Exterior view of the front of a post-secondary institution

As I was preparing for my first year of university, I decided that I was going to live off-campus. University residences were much more expensive and I thought that living off-campus would be a good way to save money. For my first three years of university I lived in a student co-operative and I'm so glad that I did. My favourite thing about living in a student co-operative was meeting all the people that lived there. Because it wasn't a university residence, most of the students I was living with were upper-years, and many of them were international students doing a study term abroad. This meant I got to become friends with lots of people who'd been in university for a couple of years, and had good advice and support to offer me. Living with international students was a great experience, and I really enjoyed getting to know people from all over the world.

Living off-campus also meant that I had access to a full kitchen and was able to cook all my meals for myself. I really enjoyed doing my own groceries and making my own food, rather than having a meal plan for a cafeteria as I would have if I had lived in an on-campus university residence. It gave me freedom in what I wanted to eat, and I learned how to cook healthy foods for myself as soon as I was living away from home.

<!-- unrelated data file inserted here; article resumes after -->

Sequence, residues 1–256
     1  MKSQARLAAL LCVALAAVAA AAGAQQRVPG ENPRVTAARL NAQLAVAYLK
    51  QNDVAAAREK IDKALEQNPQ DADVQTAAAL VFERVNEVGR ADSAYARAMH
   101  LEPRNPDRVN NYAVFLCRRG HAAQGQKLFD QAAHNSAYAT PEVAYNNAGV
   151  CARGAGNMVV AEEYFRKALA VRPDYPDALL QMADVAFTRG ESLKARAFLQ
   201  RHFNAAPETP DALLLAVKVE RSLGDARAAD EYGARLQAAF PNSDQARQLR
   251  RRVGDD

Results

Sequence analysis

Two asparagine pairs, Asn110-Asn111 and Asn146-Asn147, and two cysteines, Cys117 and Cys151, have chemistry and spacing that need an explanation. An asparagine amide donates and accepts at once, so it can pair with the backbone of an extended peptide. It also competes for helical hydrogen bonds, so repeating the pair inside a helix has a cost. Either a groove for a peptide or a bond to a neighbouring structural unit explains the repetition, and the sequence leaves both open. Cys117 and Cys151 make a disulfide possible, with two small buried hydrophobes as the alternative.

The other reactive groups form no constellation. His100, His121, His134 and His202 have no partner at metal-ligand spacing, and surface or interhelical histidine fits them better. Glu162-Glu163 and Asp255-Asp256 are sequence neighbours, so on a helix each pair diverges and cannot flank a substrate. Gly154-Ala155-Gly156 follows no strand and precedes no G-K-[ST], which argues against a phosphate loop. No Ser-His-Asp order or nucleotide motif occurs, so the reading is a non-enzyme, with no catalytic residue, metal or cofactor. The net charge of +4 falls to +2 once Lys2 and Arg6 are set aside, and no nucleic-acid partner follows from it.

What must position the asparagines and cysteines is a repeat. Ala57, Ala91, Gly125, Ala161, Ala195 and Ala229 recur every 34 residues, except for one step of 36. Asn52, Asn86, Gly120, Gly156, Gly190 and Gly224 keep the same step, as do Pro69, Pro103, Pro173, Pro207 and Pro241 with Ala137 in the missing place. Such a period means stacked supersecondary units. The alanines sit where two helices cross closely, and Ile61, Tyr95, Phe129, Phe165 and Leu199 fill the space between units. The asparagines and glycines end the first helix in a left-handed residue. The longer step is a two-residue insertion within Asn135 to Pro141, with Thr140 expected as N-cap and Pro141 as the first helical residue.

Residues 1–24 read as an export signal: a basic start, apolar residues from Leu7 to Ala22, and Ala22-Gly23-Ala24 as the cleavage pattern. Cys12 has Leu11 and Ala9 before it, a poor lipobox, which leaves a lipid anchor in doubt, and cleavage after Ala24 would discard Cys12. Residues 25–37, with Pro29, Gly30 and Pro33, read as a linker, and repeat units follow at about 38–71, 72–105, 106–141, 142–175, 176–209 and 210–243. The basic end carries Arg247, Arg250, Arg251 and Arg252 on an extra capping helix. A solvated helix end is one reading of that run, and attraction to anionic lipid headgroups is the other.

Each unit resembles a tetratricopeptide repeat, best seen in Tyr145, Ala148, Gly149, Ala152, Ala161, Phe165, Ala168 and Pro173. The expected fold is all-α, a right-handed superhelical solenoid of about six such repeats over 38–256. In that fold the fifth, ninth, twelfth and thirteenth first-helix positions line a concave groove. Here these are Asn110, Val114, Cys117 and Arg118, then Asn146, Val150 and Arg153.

The things I was worried about when I decided to live off-campus were that I wouldn't have the same access to on-campus resources as other students, and that it would be harder to make friends. This turned out to be not a problem at all! The university had a whole group of "off-campus dons" who planned activities for first year students living off-campus, talked to us about how we were finding the transition, and even had a meeting room where off-campus students could go hang out with each other. These upper-year students were just as supportive as the residence dons, and had unique advice for us about living off-campus in our first year. Living off-campus actually made me more motivated to join clubs, sports teams, and get involved on-campus because I knew that I wouldn't have the immediate friend group that those students living in residence found as soon as they moved in. I joined the cheerleading team, got involved in my faculty's student society, and joined the henna club and the animal rights club. I liked this because I got to become friends with people who shared my interests, rather than just the people who happened to live on the same residence floor as me! I'm very glad that I decided to live off-campus in my first year and I would definitely recommend considering it as an option!

- Emma Hawley-Yan, University Student 

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